God knows how, but at that point we still had energy, so we hopped a tram to the funicular. This steep little train line runs up the hill to a big park overlooking the city, and was included in our transit passes. There was a line to get on, due to the many locals wanting to picnic or what-have-you in the park on the holiday, but it moved pretty quickly. This is, I believe, the only funicular railroad in the world with a stop in the middle. Each of the three stops was identified by a large sign, just like in the subway, which I’ve never before seen on a funicular (usally it’s pretty obvious whether you’re at the top or the bottom).
At the top of the funicular we found the Petrin Tower, a sort of miniature Eiffel Tower offering even better views of the city than the park itself. I climbed it, leaving Kate to rest her wounded knee on a bench. There was a smashed penny machine on the first level but, sadly, it was out of order. On the way to the top I began to sense a slight but disturbing sway, but the tower’s a hundred and twenty years old and hasn’t fallen once so I pressed on. The top level was crammed with teenagers, but I was able to snap a few photos and retreat without serious incident. Another of the park’s sites, the Mirror Maze, was also supposed to have a penny machine but the admission charge was in the vicinity of fifteen bucks and there didn’t seem to be a gift shop or any other part of the structure that could be accessed without pay. We walked partway down the hill, on a very pleasant tree-lined path, to the midpoint station, and after failing to get onto a couple of standing-room-only trams we finally managed to cram ourselves into one and got to the bottom.
Somehow we were still not too tired to tourist further, so we took another tram to the Charles Bridge, which could be seen from the tower to be heavily touristed but we wanted to know what the fuss was about. It turned out to be a pedestrian-only stone span, featuring many sketch artists, souvenir stands, and statues of saints (and a marker at the exact point where St. John of Nepomuk was martyred) and though there was a crowd it was a pleasant one. At the far end we found the Old Town Bridge Tower, with a great view, a film on the history of the bridge, an upper room with the original timbered ceiling and a small museum of objects of dubious authenticity, and no penny machine (there used to be one, the staff said, but it had broken down and been removed some time ago).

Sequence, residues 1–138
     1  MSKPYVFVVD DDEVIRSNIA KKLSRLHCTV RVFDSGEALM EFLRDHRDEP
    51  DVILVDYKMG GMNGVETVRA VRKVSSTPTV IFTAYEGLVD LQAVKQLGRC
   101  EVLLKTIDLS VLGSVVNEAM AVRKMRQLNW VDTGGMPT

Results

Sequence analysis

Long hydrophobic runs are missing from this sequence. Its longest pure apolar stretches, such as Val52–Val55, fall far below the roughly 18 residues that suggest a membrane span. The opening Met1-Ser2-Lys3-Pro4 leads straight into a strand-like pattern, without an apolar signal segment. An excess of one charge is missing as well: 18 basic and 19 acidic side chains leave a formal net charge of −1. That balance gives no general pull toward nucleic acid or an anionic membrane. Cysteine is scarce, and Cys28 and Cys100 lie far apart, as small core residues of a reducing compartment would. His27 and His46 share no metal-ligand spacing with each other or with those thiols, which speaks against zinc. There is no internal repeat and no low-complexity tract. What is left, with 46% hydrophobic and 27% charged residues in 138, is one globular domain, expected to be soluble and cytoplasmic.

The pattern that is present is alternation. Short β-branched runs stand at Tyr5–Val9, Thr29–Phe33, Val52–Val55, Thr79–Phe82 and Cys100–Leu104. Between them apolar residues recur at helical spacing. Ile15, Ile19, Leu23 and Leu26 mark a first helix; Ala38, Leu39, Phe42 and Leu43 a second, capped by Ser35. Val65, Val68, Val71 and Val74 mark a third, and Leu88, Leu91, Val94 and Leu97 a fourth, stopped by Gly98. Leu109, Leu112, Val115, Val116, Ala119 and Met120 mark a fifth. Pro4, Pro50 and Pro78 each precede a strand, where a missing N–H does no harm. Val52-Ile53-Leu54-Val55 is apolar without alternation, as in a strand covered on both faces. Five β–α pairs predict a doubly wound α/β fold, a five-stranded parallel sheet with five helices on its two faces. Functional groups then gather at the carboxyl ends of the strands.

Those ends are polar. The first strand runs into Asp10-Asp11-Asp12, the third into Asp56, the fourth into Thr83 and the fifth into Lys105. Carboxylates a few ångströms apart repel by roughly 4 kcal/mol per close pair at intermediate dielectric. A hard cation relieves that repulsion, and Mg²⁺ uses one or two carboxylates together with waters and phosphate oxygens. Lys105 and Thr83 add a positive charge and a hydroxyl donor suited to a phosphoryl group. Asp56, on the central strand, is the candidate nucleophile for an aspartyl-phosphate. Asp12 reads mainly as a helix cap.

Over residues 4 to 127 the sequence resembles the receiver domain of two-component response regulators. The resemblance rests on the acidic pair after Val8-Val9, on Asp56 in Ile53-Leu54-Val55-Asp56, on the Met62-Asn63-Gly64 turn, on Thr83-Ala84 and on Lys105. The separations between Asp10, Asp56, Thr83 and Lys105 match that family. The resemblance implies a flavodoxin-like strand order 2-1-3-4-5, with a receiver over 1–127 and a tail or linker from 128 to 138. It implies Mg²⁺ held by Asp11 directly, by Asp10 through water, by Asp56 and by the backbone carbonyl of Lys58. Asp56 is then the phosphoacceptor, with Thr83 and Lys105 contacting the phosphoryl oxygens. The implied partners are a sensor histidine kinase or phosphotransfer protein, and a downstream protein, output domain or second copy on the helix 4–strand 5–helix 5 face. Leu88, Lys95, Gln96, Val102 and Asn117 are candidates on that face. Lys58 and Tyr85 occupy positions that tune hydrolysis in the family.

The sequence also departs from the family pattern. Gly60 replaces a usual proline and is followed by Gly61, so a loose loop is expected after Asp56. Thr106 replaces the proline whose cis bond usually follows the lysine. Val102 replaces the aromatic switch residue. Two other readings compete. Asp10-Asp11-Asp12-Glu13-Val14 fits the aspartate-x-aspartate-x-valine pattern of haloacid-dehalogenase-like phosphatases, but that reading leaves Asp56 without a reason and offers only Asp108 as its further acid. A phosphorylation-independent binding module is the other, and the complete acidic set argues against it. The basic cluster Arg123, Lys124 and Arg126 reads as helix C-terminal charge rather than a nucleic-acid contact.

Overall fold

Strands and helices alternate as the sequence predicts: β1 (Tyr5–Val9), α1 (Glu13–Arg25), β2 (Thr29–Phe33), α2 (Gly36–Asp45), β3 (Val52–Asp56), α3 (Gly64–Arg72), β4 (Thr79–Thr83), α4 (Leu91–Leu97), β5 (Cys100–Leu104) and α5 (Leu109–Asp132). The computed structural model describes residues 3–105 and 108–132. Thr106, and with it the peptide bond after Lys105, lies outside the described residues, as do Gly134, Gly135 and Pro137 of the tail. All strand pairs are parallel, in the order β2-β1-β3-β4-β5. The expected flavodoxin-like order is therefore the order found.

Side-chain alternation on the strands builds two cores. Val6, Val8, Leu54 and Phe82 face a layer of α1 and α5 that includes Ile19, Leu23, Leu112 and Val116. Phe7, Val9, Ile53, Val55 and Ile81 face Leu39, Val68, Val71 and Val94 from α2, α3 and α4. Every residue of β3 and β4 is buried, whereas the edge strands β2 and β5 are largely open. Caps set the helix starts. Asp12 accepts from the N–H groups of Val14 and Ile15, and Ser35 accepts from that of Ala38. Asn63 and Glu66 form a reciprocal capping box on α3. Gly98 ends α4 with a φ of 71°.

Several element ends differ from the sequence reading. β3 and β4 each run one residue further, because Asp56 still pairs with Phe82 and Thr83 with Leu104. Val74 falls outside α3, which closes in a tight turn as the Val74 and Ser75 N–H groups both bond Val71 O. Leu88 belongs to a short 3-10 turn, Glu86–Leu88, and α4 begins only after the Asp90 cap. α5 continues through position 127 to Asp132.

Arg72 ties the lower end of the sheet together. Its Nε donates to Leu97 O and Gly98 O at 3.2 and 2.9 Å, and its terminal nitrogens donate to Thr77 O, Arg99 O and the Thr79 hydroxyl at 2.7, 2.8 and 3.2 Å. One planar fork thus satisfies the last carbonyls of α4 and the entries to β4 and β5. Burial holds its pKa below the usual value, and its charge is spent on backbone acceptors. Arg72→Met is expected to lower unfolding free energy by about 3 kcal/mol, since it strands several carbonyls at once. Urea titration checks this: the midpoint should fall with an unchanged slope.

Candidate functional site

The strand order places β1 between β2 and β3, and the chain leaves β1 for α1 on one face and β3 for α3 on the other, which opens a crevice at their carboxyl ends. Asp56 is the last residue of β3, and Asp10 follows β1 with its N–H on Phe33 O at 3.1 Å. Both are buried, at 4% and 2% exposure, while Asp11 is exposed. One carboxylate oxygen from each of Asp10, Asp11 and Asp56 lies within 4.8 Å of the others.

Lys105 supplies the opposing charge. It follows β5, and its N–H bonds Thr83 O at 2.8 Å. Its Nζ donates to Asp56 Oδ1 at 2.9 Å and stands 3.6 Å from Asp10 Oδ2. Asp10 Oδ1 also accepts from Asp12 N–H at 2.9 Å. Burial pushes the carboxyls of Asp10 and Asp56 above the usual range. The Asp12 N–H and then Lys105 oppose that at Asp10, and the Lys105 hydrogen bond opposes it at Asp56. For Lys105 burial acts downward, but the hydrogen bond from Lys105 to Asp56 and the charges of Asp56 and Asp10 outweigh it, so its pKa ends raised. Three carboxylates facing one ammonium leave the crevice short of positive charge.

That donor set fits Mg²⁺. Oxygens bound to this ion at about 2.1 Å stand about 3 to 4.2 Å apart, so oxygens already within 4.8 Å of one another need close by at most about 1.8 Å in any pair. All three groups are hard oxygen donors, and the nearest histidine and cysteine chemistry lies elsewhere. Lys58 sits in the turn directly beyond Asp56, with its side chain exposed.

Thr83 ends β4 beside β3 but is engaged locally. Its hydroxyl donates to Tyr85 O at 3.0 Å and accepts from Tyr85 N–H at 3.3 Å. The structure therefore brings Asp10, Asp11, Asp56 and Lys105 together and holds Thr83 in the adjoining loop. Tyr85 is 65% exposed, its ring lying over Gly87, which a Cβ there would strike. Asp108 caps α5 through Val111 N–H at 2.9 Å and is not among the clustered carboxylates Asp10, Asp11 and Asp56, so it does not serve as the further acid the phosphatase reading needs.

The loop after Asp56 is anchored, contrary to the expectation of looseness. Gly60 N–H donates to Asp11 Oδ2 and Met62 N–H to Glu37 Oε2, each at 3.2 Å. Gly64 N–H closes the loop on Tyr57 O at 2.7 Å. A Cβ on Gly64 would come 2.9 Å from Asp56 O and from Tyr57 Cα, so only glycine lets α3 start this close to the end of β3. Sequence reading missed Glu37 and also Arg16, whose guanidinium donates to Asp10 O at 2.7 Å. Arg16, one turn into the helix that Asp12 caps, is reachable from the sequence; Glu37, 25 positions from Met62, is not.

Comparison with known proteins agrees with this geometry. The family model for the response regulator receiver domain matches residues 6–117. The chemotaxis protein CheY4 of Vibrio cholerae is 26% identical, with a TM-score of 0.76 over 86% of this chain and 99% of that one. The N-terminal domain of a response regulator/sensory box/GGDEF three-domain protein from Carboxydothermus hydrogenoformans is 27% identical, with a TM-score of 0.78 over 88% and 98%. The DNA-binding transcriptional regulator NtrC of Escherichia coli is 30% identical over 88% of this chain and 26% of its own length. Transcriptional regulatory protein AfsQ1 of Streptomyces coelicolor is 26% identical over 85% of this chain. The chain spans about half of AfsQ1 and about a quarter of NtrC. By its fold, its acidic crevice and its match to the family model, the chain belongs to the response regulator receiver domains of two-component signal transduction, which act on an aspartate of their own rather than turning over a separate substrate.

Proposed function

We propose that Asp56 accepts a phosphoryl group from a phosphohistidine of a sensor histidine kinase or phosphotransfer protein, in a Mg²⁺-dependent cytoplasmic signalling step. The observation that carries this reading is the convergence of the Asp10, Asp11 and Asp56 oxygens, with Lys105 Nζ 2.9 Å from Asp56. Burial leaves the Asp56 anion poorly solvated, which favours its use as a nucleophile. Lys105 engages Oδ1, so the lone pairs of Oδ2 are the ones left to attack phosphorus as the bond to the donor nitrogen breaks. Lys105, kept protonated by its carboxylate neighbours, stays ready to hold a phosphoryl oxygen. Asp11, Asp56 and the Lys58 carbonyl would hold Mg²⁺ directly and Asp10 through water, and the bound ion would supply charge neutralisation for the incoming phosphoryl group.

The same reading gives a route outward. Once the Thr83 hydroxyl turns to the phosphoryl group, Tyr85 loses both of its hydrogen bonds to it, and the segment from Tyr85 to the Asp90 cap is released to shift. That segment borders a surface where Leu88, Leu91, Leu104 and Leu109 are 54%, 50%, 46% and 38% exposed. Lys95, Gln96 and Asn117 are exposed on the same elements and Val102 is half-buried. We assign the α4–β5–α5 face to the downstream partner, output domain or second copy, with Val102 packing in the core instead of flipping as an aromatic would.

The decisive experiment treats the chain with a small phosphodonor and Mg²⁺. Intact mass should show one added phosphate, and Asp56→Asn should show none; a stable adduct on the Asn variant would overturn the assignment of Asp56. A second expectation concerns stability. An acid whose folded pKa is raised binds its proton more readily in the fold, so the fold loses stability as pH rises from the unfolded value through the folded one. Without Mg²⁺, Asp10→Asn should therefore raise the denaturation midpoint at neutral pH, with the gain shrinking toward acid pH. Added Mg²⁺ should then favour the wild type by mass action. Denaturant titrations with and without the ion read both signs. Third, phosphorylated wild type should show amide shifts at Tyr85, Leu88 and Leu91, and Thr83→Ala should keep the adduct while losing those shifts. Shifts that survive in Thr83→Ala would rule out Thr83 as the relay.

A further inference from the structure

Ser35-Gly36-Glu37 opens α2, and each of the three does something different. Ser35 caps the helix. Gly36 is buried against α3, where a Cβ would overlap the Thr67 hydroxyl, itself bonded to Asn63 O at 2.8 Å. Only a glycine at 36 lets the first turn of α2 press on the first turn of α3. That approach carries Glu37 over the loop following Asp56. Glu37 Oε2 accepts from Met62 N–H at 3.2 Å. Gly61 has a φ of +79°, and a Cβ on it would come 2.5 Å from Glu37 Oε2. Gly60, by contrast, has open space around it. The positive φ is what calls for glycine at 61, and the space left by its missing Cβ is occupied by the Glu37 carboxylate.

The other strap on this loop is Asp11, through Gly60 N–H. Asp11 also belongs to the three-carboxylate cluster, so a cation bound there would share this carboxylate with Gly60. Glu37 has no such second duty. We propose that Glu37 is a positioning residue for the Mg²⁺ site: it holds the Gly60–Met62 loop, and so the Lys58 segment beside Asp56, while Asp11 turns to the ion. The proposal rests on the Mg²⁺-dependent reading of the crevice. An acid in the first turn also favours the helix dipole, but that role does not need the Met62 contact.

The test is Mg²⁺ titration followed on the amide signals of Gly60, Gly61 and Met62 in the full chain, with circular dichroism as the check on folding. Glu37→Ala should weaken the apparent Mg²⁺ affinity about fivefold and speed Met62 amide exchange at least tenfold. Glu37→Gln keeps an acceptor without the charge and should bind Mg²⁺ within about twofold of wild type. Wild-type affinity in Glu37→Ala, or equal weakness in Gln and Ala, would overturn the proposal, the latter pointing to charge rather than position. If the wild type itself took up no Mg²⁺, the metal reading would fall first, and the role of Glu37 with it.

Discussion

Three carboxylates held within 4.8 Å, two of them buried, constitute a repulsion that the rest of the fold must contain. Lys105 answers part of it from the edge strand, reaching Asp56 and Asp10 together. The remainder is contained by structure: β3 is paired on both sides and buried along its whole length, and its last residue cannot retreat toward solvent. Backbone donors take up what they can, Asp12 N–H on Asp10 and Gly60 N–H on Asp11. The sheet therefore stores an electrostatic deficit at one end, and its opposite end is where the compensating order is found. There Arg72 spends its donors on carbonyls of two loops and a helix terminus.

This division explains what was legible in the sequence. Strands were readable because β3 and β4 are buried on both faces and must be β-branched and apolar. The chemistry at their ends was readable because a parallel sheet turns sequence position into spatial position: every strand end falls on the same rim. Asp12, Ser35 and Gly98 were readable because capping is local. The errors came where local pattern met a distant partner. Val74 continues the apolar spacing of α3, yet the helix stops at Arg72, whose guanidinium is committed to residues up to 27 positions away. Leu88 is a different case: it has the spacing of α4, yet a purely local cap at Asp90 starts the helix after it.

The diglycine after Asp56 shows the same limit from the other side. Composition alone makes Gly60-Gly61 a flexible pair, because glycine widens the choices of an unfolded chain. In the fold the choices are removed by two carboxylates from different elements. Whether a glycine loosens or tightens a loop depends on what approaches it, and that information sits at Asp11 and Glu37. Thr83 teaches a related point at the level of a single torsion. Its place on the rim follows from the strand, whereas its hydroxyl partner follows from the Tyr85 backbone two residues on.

(How do you ask about a penny-smashing machine when there’s no word for it in the phrase book and gestures are ambiguous? You do a Google image search on your smart phone and show the clerk a picture of some smashed pennies. We paid a bunch up front for 8GB of data for our iPhones in Europe — expensive, but not as expensive as paying by the megabyte ad-hoc — and it’s been amazingly useful. A smart phone is a universal translator (Google Translate app and a couple of bilingual dictionary and phrasebook apps), a map of a strange city that’s labeled in English, covers the entire city including the obscure or untouristed bits, and has a blinking you-are-here dot (Google Maps app), a communication device with the rest of your party (we use text messages, much cheaper than voice calls), and an intelligent guide to the local transit systems (most cities have at least one free transit app, which provides routing advice, up-to-the-moment timetables, and often a map to the nearest transit stop) and restaurants (bigger cities have a variety of restaurant guide apps, some in English).)
Okay, now we were pooped. From the bridge we walked a few blocks to a restaurant that looked good in the guidebook but, as so often happens, failed to impress from the sidewalk. But on the way we passed the restaurant Rainer Maria Rilke, which had lots of positive reviews pasted in its window, and decided to stop there. My main dish, a spicy melange of beef, peppers, and mushrooms, was very good, though not as good as some of the meals I’ve had in Europe (which sets the bar pretty darn high); Kate’s trout was not quite so good. But the desserts, honey cake and apple strudel, redeemed the meal. It was probably the most expensive meal we’ve had in the Czech Republic, but at about $75 for the two of us it was not completely out of line and I don’t regret it.
And with that, and a stop at a convenience store on the way home to pick up kleenex and a few other necessities, we finally called it a day.